Mktg – Horlicks’ new hope
It’s raining launches at GlaxoSmithKline Consumer Healthcare. The year started with Glaxo Nutrition ActiGrow, a protein supplement for children. In February came health snack under Horlicks Nutribar. Then it was the turn of Chilled Doodh, a flavoured milk drink, in April. Shortly thereafter came Eno Mausambi, a new flavour of the popular anti-acid. Next was Junior Horlicks biscuits for toddlers. The company has now begun to test-market in pockets of Andhra Pradesh and Karnataka a value-for-money health drink called Asha from Horlicks. A national rollout may happen within a year.
“We continuously identify and cater to the needs of various consumer segments. With Asha from Horlicks, we are looking at offering a health drink for the emerging consumer class,” says GlaxoSmithKline Consumer Healthcare Executive Vice-president (marketing) Shubhajit Sen. “The genesis of Asha from Horlicks is in research conducted by the company, which reflected a need to extend a low-cost product for this segment.” The segments in the company’s crosshairs are the low-income groups in the urban markets and rural consumers.
Price vs quality
GlaxoSmithKline Consumer Healthcare discovered that people in rural areas were not regular users of Horlicks because they were short of cash. They could afford to buy it rarely and would make it last for months. The company needed a product that could be used on a regular basis. Consequently, Asha from Horlicks is priced at Rs 85 for a 500-gram pouch pack – way below the price tag of Rs 135 on a Horlicks pack of a similar size. There is also a 200-gram pack that will cost Rs 50. The flipside, according to analyst Anand Shah of Angel Broking, is that with these aggressive prices, consumers may suspect the quality. Is it, they might ask, a lesser Horlicks?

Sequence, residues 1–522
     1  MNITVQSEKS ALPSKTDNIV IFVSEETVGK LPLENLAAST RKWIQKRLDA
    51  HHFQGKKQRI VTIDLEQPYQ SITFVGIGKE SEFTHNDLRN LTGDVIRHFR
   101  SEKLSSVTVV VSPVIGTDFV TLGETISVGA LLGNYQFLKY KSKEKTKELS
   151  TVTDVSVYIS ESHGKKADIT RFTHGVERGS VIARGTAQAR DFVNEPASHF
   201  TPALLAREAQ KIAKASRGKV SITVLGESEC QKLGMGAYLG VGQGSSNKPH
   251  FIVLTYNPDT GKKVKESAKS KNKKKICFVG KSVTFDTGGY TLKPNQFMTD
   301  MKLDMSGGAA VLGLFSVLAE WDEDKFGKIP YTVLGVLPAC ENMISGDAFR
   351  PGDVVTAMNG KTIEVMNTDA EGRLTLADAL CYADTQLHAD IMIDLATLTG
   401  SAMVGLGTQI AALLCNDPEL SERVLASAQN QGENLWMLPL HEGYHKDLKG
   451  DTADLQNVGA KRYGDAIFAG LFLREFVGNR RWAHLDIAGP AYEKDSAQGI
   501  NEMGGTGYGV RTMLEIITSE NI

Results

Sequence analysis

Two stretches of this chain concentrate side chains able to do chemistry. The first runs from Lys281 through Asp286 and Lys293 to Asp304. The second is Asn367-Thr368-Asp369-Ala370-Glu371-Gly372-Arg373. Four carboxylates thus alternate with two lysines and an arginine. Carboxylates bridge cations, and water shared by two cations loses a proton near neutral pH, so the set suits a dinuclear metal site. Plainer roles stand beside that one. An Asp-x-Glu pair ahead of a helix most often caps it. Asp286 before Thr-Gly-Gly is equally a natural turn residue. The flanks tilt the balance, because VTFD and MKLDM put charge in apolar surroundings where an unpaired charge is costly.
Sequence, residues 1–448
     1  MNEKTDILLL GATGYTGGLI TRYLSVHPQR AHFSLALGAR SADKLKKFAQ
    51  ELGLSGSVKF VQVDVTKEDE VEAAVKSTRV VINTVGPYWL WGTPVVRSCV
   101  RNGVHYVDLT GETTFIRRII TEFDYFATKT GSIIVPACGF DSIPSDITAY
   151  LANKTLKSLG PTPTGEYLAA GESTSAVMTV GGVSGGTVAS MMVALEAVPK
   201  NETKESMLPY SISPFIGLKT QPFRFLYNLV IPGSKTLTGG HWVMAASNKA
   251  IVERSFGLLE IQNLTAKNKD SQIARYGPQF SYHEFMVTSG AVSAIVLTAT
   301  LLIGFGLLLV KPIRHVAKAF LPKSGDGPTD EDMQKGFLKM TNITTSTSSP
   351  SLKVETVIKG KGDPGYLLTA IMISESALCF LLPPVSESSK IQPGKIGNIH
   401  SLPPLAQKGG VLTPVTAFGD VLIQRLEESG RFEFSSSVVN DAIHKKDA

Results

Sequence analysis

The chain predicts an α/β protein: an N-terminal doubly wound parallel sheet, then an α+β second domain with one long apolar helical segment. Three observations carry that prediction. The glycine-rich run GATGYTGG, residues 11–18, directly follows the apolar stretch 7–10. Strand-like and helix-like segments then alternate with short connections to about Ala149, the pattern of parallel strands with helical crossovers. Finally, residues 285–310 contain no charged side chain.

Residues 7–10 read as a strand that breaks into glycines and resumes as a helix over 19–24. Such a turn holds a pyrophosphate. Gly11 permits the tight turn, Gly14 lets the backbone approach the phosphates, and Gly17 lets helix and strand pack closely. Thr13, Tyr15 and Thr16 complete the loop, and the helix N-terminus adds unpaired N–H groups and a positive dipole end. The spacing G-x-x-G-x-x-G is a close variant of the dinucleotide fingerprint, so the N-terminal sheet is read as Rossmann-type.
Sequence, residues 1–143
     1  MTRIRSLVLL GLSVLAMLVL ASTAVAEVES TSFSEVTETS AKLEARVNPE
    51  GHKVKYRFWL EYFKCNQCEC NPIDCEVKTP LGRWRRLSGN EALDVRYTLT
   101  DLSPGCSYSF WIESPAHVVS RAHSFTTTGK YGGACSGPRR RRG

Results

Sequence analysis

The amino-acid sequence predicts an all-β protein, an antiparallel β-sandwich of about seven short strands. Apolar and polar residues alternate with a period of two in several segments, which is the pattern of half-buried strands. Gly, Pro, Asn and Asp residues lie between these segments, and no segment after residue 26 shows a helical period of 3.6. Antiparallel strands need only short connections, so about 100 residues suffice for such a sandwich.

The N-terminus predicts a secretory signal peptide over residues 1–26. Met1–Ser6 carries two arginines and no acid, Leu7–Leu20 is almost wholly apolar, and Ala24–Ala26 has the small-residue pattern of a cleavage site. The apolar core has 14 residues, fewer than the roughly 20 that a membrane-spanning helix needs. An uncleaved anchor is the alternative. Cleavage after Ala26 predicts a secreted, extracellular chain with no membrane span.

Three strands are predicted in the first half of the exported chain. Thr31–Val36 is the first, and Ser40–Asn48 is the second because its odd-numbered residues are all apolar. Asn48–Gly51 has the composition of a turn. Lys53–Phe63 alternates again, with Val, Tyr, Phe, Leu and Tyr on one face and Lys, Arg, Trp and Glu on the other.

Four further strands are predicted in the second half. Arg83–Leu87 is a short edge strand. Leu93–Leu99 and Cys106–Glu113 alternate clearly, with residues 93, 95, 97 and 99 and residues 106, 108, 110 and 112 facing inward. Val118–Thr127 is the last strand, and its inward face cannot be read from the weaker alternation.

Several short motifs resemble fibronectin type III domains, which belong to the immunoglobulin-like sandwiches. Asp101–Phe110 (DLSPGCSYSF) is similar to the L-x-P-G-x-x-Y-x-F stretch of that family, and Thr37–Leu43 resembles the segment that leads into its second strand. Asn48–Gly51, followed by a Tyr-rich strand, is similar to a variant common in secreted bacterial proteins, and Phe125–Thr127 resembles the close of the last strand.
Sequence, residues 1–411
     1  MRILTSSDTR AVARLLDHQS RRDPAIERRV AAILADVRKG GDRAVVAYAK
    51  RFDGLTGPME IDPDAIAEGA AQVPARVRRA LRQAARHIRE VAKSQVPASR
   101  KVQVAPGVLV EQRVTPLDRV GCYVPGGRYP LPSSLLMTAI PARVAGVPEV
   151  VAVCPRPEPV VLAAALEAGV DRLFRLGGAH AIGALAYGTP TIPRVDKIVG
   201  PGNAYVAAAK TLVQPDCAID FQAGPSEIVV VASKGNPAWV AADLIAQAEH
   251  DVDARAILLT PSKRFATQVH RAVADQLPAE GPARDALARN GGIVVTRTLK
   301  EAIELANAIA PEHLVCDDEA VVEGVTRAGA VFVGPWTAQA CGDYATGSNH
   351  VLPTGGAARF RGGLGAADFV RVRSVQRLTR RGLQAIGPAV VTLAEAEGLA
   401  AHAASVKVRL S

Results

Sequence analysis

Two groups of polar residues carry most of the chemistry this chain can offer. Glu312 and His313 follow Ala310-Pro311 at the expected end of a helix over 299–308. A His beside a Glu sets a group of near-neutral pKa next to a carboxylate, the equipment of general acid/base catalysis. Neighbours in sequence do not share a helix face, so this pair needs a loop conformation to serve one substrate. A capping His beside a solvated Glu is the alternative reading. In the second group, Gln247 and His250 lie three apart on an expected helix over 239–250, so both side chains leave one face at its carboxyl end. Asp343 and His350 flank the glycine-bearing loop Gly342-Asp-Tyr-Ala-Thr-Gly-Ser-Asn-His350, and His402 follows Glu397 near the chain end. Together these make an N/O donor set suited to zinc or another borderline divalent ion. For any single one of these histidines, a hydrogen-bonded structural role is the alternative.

In-house research carried out by GlaxoSmithKline Consumer Healthcare and published health data showed that a significant proportion of Indian consumers in rural areas have different nutritional needs because of their dietary habits and work patterns. Typically, these consumers meet these nutritional needs through stuff like finger millet and broken wheat, all of which of course is unbranded. Moreover, the quality of these products varies and is often nutritionally inadequate. Another part of the company’s research, after speaking directly with consumers, revealed that many people from rural areas had moved to urban centres in large numbers. With both members of the family working and no support system, people were worried they could fall ill. And they needed a drink that guards them against that.
Considering all these factors, GlaxoSmithKline Consumer Healthcare’s team of researchers decided to make a product that was nutritionally superior but easy on the pocket. Thus was born Asha from Horlicks. “The name Asha stands for hope, and the brand believes in supporting the hopes of the emerging consumer class to access a better life,” adds Sen. Of course, the company has added its flagship brand, Horlicks, to the name.
It is the largest brand in the Rs 2,300-crore health food drink market (it is growing at 20 per cent per annum) in the country with a share of over 50 per cent. Cadbury’s Bournvita and Heinz’s Complan have 15 per cent share each. Such is the brand equity of Horlicks that Nestle has withdrawn from the market its brand called Milo. Dabur has entered the market with Chyawan Junior as a rival to GlaxoSmithKline Consumer Healthcare’s other brand, Boost, and has stayed clear of Horlicks.